John Muir Trail, Day 7: Red’s Meadow to Lake Virginia Inlet

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I’m sure I mentioned somewhere in this blog that both Jennifer and I kept journals along the way. Jennifer was better than me about writing in hers every night – I’d occasionally decide that I had something better to do, like concentrating really hard on making sure I stunk up the tent more than Jennifer after dinner. I have to proudly admit that I’m pretty sure I won those battles most nights, but when Jennifer competed, she competed hard. Our best contests were those when our new friends could hear us in the tent nearby; after our group bonding at Red’s Meadow, we pretty much stayed in the same spot as those guys every night, so the ‘fun’ was just getting startedūüėČ.

Anyway, I bring up the journals because I just read my post following Day 7’s hike. This was the first day we had worried about rain, and some reports had said possible storms that day, so we debated starting later in the day, but ultimately didn’t, and instead took advantage of getting out sooner since we didn’t have a tent to pack up, etc. As it turned out, that was a really smart move since we hiked over 15 miles on Day 7 – I’d hate to think of when we would have gotten to camp had we tried to wait for rain!

J: This was the first day we were up and out hiking before any of the rest of our hiking buddies. ¬† It’s solely because we didn’t have any packing to do and knew we were slower hikers than them so got up early to get a much needed head start. ¬†It was so nice to just wake up, put on our shoes, eat some pop-tarts (toasted!), and head out the door!¬†


notice the distance to Mt Whitney – 165 miles to go! Also, we were walking away from showers and cold beerūüė¶

The first section of trail out of Red’s was more or less a continuation from some of the barren wasteland part of the hike from Day 6 – but this time the barren-ness was from a fire, not a wind storm. It has a really eerie vibe walking through it first thing in the morning, with the threat of rain not far away. But we continued on, hoping we’d be on the upside of that “chance” of rain.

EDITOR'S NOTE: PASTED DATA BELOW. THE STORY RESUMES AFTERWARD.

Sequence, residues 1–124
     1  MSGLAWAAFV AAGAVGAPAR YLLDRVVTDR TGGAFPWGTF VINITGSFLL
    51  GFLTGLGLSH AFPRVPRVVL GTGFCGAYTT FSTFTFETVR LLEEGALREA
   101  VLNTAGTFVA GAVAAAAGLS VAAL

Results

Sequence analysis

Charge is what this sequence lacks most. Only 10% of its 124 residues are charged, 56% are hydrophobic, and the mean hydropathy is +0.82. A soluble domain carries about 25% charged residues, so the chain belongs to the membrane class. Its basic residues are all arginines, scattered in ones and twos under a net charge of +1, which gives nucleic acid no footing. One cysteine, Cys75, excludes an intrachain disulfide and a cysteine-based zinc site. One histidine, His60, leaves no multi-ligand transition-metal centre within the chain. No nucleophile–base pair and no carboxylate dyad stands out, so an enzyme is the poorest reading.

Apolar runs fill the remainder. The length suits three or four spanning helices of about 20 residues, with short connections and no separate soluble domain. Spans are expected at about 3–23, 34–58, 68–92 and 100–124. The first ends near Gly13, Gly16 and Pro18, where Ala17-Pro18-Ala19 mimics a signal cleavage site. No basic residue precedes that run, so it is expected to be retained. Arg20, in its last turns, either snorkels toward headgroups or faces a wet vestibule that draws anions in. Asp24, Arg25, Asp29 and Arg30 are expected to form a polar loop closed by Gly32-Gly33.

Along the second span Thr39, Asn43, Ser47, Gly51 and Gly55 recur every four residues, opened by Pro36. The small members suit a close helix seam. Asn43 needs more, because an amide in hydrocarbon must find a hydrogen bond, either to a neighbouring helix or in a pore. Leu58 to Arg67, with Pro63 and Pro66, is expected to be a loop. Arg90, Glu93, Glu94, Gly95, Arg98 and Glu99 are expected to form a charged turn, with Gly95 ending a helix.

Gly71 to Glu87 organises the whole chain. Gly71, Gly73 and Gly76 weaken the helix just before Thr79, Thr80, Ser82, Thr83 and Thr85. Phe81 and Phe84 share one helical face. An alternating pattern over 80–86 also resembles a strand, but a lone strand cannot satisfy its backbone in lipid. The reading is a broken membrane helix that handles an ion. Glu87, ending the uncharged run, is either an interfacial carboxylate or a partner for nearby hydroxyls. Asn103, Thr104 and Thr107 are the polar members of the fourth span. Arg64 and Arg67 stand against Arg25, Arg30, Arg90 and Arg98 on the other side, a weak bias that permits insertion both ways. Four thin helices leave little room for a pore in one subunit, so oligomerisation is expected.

J: ¬†I thought this part of the trail, while a bit creepy, was also sort of beautiful. ¬†I wished I knew anything¬†about photography¬†because the lighting from the storm clouds contrasting with the sometimes weirdly shaped trees was all sort of amazing. ¬†Or we’d just seen¬†so many “normal” pretty landscapes with all the lush forests, alpine lakes, and mountains that it was a nice contrast. We didn’t spend much time stopping to take photos anyway because of the fear of being above the treeline on top of the mountain when the thunderstorm hit.¬†


Of course, it wasn’t long after this area that we started heading up in elevation and into a wooded area, where we found ourselves faced with a few drops of rain. Jennifer and I differed a little with regard to our rain preparedness – Jennifer had pre-fashioned a trash bag before leaving home that had holes perfectly cut for her backpack AND one for the tent below as well. I had borrowed Chris’ rain cover that came with his pack, unsure if it would really fit since neither of us had ever used it, or tested it in the rain. I really wasn’t in the mood to worry about rain until it was a serious downpour (stay tuned!), but I think Jennifer was secretly excited about her MacGyver-style rain cover, so she tied that thing on, playing it safe in the event that the rain really started coming down.